The effect of a neuromuscular vs. dynamic warm-up on physical performance in young tennis players

Fernandez-Fernandez, Jaime, Garcia-Tormo, Vicente, Javier Santos-Rosa, Francisco, Teixeira, Anderson Santiago, Nakamura, Fabio Yuzo, Granacher, Urs, and Sanz-Rivas, David (2020) The effect of a neuromuscular vs. dynamic warm-up on physical performance in young tennis players. Journal of Strength and Conditioning Research, 34 (10). pp. 2776-2784.

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Abstract

Fernandez-Fernandez, J, Garcia-Tormo, V, Santos-Rosa, FJ, Teixeira, AS, Nakamura, FY, Granacher, U, and Sanz-Rivas, D. The effect of a neuromuscular vs. dynamic warm-up on physical performance in young tennis players.J Strength Cond Res34(10): 2776-2784, 2020-The aim of this study was to examine performance-enhancing (i.e., training) effects of a neuromuscular warm-up (NWU) compared with a dynamic WU (DWU) in young tennis players. Twenty-eight well-trained male tennis players with a mean age of 15.09 +/- 1.16 years participated in this study and were assigned to either a training group performing NWU (n= 14), or a group that followed DWU (n= 15) before tennis-specific training, for 8 weeks. Pretest and posttest included: speed (5, 10, and 20 m); modified 5-0-5 change of direction (COD) test; bilateral/unilateral countermovement jump (CMJ); 2 kg overhead, forehand, and backhand-side medicine ball throw performance (MBT); serve velocity, and shoulder strength and range-of-motion (ROM) performance (i.e., internal [IR]/external [ER] rotation). Results showed that both groups, NWU and DWU, significantly improved their sprint performances (5-20 m; [p< 0.05;d= 0.83-1.32]), CMJ (bilateral and unilateral [dominant side] [p< 0.005;d= 1.27-1.59]), overhead MBT (p= 0.014;d= 1.02), and some shoulder strength (i.e., IR dominant side [D], ER D, ER/IR ratio [p< 0.05;d= 0.86-1.59]) and ROM (i.e., ER D, total ROM D [p< 0.05;d= 0.80-1.02]) values. However, the interaction effects revealed that NWU compared with DWU produced greater performance gains in most of the analyzed parameters (i.e., 5-10 m sprint, CMJ, overhead MBT, serve speed). The inclusion of an NWU characterized by a relatively low volume (similar to 20-35 minutes), including general mobility, core, and shoulder strength exercises, combined with neuromuscular-related exercises (e.g., plyometric and acceleration/deceleration/COD drills), can be recommended to obtain positive effects in tennis performance-related variables.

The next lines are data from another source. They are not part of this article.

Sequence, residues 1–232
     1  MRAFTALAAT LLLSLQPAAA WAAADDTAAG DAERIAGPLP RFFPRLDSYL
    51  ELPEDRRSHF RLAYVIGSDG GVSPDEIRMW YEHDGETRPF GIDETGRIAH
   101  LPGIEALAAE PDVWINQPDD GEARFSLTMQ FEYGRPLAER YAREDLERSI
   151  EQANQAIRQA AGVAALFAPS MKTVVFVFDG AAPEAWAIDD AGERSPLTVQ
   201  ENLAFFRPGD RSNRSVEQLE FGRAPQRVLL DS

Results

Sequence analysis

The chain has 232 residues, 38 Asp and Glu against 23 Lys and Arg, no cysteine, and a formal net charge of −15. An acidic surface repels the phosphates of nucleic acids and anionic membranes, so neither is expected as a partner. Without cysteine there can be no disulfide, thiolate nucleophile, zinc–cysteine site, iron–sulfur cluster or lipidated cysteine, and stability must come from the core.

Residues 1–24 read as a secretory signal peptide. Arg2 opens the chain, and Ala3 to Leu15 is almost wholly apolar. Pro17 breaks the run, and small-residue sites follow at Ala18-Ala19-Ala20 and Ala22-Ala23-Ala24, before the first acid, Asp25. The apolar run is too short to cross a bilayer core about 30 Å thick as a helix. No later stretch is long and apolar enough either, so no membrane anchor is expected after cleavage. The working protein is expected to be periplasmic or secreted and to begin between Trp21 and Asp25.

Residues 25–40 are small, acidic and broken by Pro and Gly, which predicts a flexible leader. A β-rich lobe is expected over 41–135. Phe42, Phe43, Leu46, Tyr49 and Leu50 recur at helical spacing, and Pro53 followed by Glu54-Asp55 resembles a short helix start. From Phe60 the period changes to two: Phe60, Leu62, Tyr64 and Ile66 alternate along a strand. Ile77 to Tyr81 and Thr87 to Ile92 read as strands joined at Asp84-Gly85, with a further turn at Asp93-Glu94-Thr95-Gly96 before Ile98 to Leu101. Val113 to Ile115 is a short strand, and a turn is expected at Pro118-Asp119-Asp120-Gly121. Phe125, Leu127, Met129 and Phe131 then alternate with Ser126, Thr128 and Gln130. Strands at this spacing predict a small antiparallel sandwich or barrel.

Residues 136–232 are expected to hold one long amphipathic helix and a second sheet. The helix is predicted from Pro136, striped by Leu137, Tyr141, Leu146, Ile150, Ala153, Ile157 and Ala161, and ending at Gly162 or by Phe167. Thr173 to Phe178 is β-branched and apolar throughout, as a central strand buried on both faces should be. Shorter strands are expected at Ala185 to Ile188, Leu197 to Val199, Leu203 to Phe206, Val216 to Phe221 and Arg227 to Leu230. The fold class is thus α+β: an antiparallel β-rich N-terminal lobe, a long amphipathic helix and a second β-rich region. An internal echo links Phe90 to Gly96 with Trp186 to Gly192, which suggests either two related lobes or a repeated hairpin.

Item ID: 64884
Item Type: Article (Research - C1)
ISSN: 1533-4287
Keywords: athletic performance, intermittent sport, mobility, neuromuscular qualities
Copyright Information: Copyright © 2020 National Strength and Conditioning Association.
Date Deposited: 28 Oct 2020 07:42
FoR Codes: 42 HEALTH SCIENCES > 4207 Sports science and exercise > 420799 Sports science and exercise not elsewhere classified @ 100%
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